Before the end of 1866 the couple were living at Dudley, where their first child Ellen was born. Sadly she only lived for just under nine months.

In 1866 Thomas wrote a letter to Abraham Darby expressing his wish to return to Coalbrookdale, and presumably because of the letter, he was offered the post of foreman, over the engineering section of the foundry, where he had started his career fifteen years earlier.

Thomas and Jane returned to Coalbrookdale in December 1867 and moved into Carpenter's Row, where Lilly, Edwin and Thomas Hugh were born.

Thomas was soon promoted to manager and his recently acquired knowledge of chemistry secured him the post of chemist in the bronzing and electroplating department.

By 1873 the family was living in Chune's Lane, where their third son Charles was born.

Jane at the age of 16. Courtesy of Gail Tudor.

This is his application form  for membership of the Institution of Civil Engineers.

Interestingly he was proposed by William Thomson, better known as Lord Kelvin.

I must thank Carol Morgan, the archivist at the institution for the copy, and permission to display it here.

The application form above includes details of where Thomas worked during his time away from Coalbrookdale. In Birmingham he worked in May & Mountain's foundry. The firm manufactured horizontal steam engines, boilers, rolling-mill machinery, flour-mill plant, coining presses and general work, also capstans and windlasses for the Admiralty.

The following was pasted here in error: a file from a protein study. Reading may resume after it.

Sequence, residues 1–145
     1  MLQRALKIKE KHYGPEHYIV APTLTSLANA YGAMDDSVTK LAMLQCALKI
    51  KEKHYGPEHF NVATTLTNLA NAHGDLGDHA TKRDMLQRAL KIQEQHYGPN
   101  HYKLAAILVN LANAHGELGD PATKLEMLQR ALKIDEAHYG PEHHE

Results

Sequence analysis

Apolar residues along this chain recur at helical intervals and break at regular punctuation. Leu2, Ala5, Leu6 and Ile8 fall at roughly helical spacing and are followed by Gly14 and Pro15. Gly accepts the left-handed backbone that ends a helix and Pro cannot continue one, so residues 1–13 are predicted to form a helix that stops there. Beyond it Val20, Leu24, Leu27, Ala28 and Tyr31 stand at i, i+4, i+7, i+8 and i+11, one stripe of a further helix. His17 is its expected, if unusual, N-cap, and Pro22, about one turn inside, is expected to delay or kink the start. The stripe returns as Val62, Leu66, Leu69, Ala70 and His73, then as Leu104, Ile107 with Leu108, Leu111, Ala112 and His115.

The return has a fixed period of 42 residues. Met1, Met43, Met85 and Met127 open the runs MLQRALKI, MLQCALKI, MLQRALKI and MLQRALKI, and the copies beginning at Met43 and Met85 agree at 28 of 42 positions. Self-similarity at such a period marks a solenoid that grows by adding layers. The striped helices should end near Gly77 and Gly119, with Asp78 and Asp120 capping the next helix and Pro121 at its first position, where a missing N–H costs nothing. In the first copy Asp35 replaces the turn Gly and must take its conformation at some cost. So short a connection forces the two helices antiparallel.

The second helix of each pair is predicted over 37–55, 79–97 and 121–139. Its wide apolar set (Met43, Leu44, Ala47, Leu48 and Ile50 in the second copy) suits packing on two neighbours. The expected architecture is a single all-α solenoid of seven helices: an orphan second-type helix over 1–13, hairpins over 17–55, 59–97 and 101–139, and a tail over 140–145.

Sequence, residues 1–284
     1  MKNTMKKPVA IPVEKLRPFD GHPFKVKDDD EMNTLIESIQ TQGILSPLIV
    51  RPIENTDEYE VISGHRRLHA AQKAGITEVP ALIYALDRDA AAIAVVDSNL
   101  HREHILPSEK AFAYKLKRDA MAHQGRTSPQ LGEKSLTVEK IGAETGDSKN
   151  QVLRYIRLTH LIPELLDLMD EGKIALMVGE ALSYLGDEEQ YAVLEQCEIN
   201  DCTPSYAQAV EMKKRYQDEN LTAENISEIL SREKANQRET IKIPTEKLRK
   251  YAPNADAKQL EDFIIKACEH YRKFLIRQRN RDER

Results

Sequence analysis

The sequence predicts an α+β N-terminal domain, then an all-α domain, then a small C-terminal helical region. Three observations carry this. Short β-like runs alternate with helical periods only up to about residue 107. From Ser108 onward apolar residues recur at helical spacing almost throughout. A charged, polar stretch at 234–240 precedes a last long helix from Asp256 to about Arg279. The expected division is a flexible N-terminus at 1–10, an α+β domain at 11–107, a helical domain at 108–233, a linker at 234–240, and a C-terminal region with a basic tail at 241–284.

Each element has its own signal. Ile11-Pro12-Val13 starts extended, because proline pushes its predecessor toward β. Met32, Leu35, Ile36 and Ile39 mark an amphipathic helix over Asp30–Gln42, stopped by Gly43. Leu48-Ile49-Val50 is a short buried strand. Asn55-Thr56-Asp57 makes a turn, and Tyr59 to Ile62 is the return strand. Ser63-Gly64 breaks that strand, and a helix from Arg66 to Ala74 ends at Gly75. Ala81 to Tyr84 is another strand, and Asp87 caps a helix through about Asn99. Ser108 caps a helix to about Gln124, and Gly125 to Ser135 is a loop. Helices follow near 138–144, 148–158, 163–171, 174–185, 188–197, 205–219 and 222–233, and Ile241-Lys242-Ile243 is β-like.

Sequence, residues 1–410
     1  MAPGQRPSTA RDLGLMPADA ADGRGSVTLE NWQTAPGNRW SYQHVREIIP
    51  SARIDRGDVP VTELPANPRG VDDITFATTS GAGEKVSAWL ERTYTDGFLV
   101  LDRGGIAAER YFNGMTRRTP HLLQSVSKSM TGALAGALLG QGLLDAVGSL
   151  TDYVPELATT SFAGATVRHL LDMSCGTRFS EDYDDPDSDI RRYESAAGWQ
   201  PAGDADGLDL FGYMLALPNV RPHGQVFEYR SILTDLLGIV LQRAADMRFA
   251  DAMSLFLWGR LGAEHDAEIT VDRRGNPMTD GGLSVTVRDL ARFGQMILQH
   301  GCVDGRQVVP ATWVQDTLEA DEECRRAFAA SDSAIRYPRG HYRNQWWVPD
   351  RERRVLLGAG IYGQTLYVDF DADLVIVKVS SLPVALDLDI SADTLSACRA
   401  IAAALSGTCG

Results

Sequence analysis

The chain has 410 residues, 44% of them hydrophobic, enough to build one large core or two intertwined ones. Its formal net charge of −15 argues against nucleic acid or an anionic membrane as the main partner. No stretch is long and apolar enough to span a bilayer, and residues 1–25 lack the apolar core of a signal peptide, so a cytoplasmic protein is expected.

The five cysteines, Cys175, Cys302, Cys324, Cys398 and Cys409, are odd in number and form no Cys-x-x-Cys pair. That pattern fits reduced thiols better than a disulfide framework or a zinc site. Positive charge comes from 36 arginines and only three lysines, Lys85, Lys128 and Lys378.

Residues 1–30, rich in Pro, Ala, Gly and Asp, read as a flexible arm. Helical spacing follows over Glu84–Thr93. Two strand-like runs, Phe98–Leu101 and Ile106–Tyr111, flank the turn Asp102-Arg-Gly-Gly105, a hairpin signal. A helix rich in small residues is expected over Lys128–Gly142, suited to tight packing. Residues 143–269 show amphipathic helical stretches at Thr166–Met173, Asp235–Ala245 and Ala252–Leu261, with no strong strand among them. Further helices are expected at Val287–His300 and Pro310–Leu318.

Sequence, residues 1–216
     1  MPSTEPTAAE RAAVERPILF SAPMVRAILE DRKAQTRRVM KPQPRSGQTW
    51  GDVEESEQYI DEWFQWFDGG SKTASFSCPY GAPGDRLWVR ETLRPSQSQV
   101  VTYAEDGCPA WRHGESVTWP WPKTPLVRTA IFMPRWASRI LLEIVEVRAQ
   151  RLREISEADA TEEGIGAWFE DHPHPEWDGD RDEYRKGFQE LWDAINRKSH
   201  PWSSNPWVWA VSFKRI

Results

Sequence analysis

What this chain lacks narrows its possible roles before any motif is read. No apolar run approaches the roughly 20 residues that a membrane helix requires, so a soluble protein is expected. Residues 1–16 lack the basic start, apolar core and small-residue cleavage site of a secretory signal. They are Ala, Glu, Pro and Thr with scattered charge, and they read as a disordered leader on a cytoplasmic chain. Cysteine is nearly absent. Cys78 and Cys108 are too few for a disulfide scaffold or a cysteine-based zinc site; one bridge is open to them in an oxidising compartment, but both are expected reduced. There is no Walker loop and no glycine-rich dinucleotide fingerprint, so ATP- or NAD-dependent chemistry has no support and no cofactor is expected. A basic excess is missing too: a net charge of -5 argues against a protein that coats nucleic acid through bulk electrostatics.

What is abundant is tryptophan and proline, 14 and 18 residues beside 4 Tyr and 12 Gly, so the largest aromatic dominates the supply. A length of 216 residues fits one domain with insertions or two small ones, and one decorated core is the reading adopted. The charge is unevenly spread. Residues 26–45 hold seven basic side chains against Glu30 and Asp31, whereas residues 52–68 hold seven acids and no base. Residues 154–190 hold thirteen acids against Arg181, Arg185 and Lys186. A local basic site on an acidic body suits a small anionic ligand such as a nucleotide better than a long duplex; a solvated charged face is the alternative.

An advert from 1876.

On the application form it states that Thomas worked for Messrs. Handcocks in Stoke-on-Trent. I have not been able to find any reference to Handcocks, which is an unusual name. It seems likely that this is a spelling error and should be Hancock's, in which case he probably worked for William Hancock & Son, iron founders, Fenton Foundry, Stoke-on-Trent. The firm were millwrights, and manufactured steam engines, steam pumps, and stove grates.

Thomas then worked for John Hetherington and Sons, Vulcan, Hope, and Ancoats Works, Pollard Street, Manchester, whose products included machinery for cleaning and preparing cotton, combing, and spinning, carding engines, drawing frames, slubbing frames, roving frames, self-acting mules, and machine tools including self-acting slide and screw-cutting lathes, drilling and boring machines.

An advert from 1887.


A fine photo of Carpenter's Row, Coalbrookdale. Courtesy of Andy Rose.

A letter from T. W. Parker that was sent to his grandson, Charles Parker. Courtesy of Peter Parker.
A transcript of the letter on the left, that was written by Thomas Wheatley Parker, and sent to his grandson Charles Parker, in June 1889. It describes Thomas Parker’s early career: